Religion, eh? Woooh. Tough one. In response to images of Mohammed in a bear suit being snipped from South Park, artist Molly Norris created this:
but then had a change of heart, which she attempted to explain with this:
Now, the most reductive explanation was that she was scared of decapitation, which was the implied threat that had led the South Park episode to get cut. But it’s all a bit more complex than that. Norris’s whimsically satirical suggestion for a ‘Draw Mohammed Day’ was intended to be a statement of support to the beleaguered South Park creators, and a statement of support for free speech; but inevitably it also attracted a fair share of people who just hate Muslims, which made her feel uncomfortable. So in the end she did this:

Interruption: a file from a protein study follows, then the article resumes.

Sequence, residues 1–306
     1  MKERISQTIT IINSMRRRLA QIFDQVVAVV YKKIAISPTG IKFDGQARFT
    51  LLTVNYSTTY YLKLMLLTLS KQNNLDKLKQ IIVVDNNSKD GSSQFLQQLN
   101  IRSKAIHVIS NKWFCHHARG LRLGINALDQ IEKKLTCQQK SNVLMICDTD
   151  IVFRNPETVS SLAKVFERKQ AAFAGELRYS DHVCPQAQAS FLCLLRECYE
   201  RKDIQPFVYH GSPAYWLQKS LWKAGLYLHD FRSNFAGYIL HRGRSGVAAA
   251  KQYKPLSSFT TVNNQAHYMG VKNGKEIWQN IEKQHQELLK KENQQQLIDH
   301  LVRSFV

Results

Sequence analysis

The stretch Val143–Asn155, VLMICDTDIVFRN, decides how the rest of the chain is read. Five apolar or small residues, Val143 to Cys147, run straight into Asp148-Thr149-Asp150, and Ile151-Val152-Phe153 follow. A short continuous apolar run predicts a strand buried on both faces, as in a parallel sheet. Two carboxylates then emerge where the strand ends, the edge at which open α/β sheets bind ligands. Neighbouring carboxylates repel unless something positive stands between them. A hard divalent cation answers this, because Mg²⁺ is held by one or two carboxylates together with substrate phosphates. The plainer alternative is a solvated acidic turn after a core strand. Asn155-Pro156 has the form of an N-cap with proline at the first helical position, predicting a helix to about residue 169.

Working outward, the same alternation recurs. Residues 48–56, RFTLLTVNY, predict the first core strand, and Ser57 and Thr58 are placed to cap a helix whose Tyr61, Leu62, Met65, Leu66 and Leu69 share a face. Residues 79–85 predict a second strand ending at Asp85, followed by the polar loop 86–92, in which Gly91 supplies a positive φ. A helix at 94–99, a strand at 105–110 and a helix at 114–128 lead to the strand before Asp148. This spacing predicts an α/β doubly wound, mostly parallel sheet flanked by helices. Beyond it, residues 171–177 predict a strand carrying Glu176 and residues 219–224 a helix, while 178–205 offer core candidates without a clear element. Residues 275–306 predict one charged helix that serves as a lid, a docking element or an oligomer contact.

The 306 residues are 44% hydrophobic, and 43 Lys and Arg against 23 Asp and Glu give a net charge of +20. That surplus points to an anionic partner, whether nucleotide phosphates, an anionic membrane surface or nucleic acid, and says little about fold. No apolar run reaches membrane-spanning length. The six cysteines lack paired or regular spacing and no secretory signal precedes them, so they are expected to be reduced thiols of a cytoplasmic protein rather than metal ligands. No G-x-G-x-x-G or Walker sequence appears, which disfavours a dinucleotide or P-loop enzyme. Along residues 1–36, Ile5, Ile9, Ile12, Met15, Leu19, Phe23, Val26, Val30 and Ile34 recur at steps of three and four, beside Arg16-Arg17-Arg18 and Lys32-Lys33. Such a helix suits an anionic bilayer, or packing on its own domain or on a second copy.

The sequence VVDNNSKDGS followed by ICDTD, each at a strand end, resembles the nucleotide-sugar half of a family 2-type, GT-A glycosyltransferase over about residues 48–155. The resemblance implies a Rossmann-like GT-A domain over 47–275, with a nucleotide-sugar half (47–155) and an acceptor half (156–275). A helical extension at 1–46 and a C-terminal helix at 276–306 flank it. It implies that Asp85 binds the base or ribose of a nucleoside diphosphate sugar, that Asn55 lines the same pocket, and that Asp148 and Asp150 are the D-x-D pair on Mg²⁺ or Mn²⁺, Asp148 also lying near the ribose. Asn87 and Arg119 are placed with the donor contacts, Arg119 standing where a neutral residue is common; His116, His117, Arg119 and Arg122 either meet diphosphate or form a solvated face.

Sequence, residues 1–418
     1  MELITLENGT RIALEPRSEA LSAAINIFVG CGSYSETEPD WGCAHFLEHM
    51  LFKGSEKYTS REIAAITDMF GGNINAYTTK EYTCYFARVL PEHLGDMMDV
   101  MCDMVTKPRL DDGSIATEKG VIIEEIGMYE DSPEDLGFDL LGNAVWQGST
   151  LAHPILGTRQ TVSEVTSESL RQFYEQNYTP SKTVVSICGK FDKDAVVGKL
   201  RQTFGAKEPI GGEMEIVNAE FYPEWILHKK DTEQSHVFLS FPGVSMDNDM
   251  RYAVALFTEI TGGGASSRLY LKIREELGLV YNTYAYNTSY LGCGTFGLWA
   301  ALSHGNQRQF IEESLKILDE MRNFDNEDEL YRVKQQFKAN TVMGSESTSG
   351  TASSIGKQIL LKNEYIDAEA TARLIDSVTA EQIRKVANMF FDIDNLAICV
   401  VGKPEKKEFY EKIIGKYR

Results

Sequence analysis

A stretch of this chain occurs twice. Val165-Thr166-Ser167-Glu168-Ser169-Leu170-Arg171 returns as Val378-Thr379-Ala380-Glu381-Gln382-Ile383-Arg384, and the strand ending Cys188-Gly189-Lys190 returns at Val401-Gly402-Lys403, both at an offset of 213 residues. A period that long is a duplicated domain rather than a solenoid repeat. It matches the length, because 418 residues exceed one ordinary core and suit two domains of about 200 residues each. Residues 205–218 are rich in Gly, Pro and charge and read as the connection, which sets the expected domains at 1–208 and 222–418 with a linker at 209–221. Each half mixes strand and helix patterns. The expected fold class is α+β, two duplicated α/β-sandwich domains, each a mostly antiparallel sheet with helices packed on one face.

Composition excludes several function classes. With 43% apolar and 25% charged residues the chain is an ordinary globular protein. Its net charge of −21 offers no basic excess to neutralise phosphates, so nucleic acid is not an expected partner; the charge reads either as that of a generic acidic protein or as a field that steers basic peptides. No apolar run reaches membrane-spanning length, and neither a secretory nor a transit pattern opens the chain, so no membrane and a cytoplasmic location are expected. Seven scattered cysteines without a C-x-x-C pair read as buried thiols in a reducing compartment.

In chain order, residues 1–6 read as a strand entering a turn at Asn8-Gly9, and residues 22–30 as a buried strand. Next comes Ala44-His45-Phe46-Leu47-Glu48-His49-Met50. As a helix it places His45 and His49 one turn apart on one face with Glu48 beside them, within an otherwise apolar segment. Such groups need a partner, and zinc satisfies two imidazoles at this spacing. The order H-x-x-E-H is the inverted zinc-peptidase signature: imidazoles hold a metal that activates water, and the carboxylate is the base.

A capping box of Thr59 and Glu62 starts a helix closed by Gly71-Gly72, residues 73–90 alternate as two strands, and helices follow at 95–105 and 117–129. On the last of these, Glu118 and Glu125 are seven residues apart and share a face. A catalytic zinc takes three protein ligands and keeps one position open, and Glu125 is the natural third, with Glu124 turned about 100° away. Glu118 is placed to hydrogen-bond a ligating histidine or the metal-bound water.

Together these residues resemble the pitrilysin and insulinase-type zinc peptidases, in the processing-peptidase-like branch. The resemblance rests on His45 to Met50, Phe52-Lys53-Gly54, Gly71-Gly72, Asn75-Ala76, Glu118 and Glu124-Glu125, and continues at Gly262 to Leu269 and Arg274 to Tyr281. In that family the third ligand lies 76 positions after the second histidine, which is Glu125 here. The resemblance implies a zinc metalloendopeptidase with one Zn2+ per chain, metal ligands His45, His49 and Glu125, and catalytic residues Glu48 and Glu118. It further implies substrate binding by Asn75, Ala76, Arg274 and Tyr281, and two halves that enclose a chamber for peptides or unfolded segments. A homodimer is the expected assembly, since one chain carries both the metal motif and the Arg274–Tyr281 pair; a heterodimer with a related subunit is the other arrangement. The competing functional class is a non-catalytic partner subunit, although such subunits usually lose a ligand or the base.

I wouldn’t presume to tell Molly Norris what she should and shouldn’t do with her pictures; an artists doesn’t necessarily have any social or moral obligations. But I might point out that it can sometimes be more effective to avoid statements altogether, and just to ask questions. Questions such as: “Why are you scared of cartoons?” for example.
Thanks to Dick Headley for flagging this one up. On vaguely related lines, and to show it isn’t just Muslims who suffer from humour fatigue, here’s Cristina Odone claiming that the BBC has it in for Catholics after she was harangued by a stand-up comedian; and yet the self-same organisation tuts at a different stand-up for comparing Palestine to a cake “being punched to pieces by a very angry Jew”. Now, I’d argue that (leaving aside for the moment the uncomfortable status of the word ‘Jew’, as opposed to ‘Jewish person’) Boyle’s line is worthy of TS Eliot, and a far more successful piece of art than the South Park bear or Norris’s doodles or the shrill hectoring of either Hughes or Odone. And one or two Muslims might agree with me. But does that make it OK?
As I said, tricky one.